Horseshoe Market

Powerful Essays
| Horseshoe Market | Steel vs. Aluminum | Problems/Case Paper #2 | | Shelby Thiebaud | 7/17/2013 | Marketing Management | MKTG 508-020 | Dr. Walter Kendall |

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Overview
In the July 17, 2013 edition of The Wall Street Journal, John W. Miller wrote an article titled Some Think Shoes Make the Horse, but Others Tend to Say Neigh. This article takes off talking about a Standardbred horse (Incredible Dragon) on a harness race winning streak whose trainer gives credit to his (Dragon) shoes. Dragon has been on the winning streak since his shoes were arranged with two aluminum shoes on his front hoofs and two steel shoes in back. Crediting success to the horse’s shoes raises many eyebrows in the horse world. Defining which shoes are best for any particular horse would be beneficial for both the market and consumers. The predicament in this market is the lack of scientific proof to which (aluminum or steel) has the upper hand in the horseshoe market.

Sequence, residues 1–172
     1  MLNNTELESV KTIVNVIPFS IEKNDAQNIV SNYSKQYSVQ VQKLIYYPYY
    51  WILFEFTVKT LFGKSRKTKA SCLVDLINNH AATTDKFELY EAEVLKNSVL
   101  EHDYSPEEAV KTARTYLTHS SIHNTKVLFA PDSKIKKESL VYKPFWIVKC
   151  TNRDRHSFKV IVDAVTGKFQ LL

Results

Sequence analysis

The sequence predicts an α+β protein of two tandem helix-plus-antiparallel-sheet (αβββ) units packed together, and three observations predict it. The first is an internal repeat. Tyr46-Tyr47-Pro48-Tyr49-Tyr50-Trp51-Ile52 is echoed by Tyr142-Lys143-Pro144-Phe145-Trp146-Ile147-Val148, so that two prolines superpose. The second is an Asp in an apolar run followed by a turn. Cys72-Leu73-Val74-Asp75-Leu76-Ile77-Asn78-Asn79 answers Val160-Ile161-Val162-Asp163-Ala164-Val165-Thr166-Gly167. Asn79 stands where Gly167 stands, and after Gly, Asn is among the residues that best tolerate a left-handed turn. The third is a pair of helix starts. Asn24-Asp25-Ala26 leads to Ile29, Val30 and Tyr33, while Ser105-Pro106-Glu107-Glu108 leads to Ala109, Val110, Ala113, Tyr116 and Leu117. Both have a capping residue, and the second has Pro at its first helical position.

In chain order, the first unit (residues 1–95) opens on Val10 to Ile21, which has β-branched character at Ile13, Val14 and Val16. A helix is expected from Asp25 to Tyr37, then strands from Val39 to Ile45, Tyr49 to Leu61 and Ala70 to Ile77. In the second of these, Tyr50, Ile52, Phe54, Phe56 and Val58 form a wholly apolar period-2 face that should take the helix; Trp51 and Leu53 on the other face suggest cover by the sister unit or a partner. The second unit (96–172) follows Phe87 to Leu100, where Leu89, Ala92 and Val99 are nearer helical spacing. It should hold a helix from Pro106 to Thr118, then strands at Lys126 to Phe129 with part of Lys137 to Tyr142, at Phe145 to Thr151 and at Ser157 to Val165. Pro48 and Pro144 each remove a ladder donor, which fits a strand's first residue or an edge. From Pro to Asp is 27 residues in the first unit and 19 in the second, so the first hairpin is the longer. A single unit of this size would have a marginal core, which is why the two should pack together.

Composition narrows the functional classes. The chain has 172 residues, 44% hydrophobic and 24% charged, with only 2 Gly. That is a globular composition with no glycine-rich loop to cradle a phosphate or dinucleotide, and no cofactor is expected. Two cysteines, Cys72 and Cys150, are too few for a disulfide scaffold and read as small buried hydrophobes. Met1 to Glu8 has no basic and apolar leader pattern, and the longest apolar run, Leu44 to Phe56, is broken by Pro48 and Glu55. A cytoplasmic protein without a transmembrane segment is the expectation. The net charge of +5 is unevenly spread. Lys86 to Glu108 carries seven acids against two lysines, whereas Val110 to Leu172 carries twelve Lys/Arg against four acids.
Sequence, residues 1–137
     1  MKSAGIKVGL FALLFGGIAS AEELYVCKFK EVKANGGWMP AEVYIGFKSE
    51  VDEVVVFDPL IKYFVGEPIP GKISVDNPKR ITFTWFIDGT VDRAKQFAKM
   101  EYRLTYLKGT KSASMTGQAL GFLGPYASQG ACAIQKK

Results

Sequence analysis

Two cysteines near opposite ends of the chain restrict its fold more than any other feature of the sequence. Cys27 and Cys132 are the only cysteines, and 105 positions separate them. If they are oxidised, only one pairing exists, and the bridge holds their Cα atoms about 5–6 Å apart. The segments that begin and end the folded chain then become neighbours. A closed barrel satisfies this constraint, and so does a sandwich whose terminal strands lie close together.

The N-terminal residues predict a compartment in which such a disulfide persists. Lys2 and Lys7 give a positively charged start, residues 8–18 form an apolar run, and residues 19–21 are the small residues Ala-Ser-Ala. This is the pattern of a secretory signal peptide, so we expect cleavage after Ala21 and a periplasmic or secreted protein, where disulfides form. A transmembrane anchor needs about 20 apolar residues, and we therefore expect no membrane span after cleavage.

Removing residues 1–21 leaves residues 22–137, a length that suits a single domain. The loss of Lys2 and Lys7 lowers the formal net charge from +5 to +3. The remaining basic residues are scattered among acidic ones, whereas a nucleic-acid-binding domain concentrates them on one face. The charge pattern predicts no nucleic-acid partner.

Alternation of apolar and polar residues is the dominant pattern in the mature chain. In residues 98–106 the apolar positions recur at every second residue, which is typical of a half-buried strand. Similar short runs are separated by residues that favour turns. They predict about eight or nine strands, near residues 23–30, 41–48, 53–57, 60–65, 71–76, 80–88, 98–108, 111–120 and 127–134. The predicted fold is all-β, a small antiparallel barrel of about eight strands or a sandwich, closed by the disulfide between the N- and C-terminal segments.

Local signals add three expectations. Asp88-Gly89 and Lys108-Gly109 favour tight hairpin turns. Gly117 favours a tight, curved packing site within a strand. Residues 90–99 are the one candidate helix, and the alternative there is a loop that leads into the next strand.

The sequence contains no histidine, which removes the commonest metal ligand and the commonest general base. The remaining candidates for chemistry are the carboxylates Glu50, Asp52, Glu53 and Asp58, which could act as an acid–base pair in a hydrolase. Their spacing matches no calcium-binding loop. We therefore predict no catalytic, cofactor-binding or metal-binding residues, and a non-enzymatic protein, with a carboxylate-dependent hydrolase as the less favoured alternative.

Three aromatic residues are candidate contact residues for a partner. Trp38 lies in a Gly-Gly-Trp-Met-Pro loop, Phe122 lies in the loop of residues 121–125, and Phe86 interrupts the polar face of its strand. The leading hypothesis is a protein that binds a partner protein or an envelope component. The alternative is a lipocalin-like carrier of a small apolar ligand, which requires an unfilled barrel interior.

Problem
The problem is that neither consumers nor merchants know whether the steel or aluminum horseshoe is best for any particular horse. Users base their decisions on many variables such as the horse’s gait, the track, hoof shape and the weather, but also their opinion. The situation that needs to be addressed here is the lack of scientific proof to which horseshoe is best for any certain horse.

Situational Analysis
Strengths
Horseshoes have been around for many centuries and are a must in the horse industry, especially the racing business. As long as horses are being raced and used for competitions, a type of horseshoe will be necessary to keep on the market. The strongest part of the “shoes” is the need for them in the horse industry worldwide.
Weaknesses
The horseshoe market is driven by opinions not facts. This is a weakness because misunderstanding and confusion about which type of metal is best for a particular horse leads to incorrect information about the products on the market.



References: Miller, J. W. (2013). Some think shoes make the horse, but others say neigh. The Wall Street Journal, CCLXII(14), 1;A12.

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